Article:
The National League of American Pen Women's Honolulu chapter has announced the winners of the 2008 Lorin Tarr Gill Writing Competition.
The biennial contest was open to all writers in categories of fiction, nonfiction and poetry. The poetry winners are printed below.
» First place:
Paul Flentge, "Bombing Pearl Harbor"
» Second place: Kathleen J. Cassity, "Leaving Paradise"
» Third place: Susan Killeen, "Nothing More Than This"
» Honorable mention: Colleen Marie Murphy, "Somebody at Home"
» First place:
Kathleen J. Cassity, "Distances"
» Second place: Dawn Fraser Kawahara, "An Echo of Rodney Dangerfield: On Education and Respect"
» Third place: Michelle Cruz Skinner, "Translating"
By Jan McGrath, first place
Our grandmothers at tables
Oceans distant from each other
Stroked the edges of the tablecloth
The selfsame gesture slow repeated
Widows years from childbearing
All unaware that still their fingers sought
To soothe the father's anger, tribulations,
Colicked souls of sons, of daughters
Lost to restless alien worlds.
Smoothing, smoothing, knuckles
Now too gnarled to sew, crochet
To purl the pain away with mittens,
Buntings, afghans, comforters,
To pet the baby's fevered face,
Undo the snarls around our frantic fears
Smooth strokes to keep our world
So protect us that one day
We might come home to sit at table
With them, sip some tea and rock
And stroke the tablecloth.
By Kathleen J. Cassity, second place
(FOR MY FATHER)
Too white to stay, too dark to leave, you wander.
In misty green and gray, your face remains acceptably pasty.
Ill-fitting woolens, tartan ties and trench coats
Avoid the sun.
Respect the Queen
Don't forget those lessons in
Your speech is lovely. Musical, they say.
Just don't get too excited.
Shepherd's pie is edible if smeared
With plenty of Patak's hot mango pickles.
Extra hot, sears the tongue.
Care for a mint?
Even the taste of kidneys
Can be washed down with ale.
Pint of bitter, please!
And you are not so dark
that your origins cannot be obscured by an excellent accent.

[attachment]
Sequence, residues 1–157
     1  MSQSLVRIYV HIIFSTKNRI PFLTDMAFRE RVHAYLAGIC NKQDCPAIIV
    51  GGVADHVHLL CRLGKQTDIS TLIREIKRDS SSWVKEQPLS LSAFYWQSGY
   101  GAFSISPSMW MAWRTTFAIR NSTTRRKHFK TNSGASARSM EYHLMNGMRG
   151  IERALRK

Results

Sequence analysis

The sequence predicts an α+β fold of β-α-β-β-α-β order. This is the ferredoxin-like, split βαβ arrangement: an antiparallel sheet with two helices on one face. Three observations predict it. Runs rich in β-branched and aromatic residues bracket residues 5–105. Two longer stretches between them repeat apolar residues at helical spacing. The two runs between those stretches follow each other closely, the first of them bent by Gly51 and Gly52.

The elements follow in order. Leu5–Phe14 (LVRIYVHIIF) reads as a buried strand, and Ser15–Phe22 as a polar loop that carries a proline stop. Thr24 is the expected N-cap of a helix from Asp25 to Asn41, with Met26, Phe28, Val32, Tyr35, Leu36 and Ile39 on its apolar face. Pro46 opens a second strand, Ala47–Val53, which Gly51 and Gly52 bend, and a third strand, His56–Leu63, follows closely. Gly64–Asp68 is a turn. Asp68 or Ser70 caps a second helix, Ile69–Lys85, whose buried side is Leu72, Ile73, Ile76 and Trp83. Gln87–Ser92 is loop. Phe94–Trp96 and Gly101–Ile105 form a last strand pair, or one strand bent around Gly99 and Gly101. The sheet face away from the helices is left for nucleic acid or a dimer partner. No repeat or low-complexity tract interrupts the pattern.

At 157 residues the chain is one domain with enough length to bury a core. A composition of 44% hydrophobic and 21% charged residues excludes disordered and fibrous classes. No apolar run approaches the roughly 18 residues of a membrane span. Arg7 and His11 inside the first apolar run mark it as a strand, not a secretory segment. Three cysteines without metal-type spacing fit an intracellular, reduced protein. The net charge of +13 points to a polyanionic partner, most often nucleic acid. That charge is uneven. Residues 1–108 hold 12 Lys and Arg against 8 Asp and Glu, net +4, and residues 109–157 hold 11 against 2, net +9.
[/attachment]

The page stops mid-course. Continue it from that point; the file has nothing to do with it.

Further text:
Keep the chutney recipe secret.
Speak highly of Shakespeare.
In this climate memories freeze.
Your Tamil tongue burned away on ayah's funeral pyre.
Don't invite office mates to meet the family.
No civilized person eats dosa for breakfast.
Your children's tongues will burn with the firing of your secret recipe, branding them forever chee-chee, and proud.
Food is always the last to go.
* "Chee-chee" is a derogatory slang term used in India for the Anglo-Indian people of mixed British and Indian ethnicity.
By Christine Le, third place
I have worshiped other gods.
In banks and bars, in shopping malls,
at tables spread with tarot cards
and halls of half light, jasmine rising.
I have praised the spirits, called on
the dead, and watched as the
seeker's eyes rolled backwards
to give vision without sight.
What magic they had. What power
to lead me down their path,
to shroud my soul in darkest night,
no stars to guide.
But none of their tricks
Can compare to yours,
Offering your Son, before I had sinned.
Hearing my cries for help.
Then you raised me from the dead.
To stand like Lazarus,
grave clothes fallen
by the light of the cross.
Your love. Your grace.
I will worship only one God.
By Dawn Fraser Kawahara, honorable mention
In 30 years my mango tree will tower, fruit hanging high,
unreachable pink globes like Christmas balls or my young breasts,
and I will lie co-mingled with red earth
far -- so very far -- from India,
my land of birth where I first tasted mangos,
sucked sweet orange flesh
and played with families of "dolls" made from their seeds.
It may seem foolish or quite bold to plant a tree like mine
when you're a grandmother, graying and slowing down,
hoping to be, at the last, fine wine. But who would have known
this sprout from a Haden "Dom Perignon" of mangos' root
would bear a common fruit when finally
joy of joys! -- first harvest came.
My neighbors scoffed, said Cut it down, it's junk.
How could I, when there isn't time
to nurse another sapling to this stage -- besides,
I love its garland leaves, pink when new, then green, with bird nests
hidden, tucked between them. I'll keep what I've been given,
not complain. This tree will give me shade and shelter,
its trunk will gnarl and thicken to wide girth, and I will leave it grow
just as it will, thirsting for moisture and for light.
I shall suck the juice of its ripe fruit --
never a one shall I waste -- as I shall suck the juice
of what remains of the days of my ordinary life,
and overlook the pith.
The birds will sing and feast, a-flutter,
nest and fly, nest and fly ...
My mango tree will tower free and wild,
fruit hanging high, unreachable, in 30 years.
My ashes dug into its earthy roots.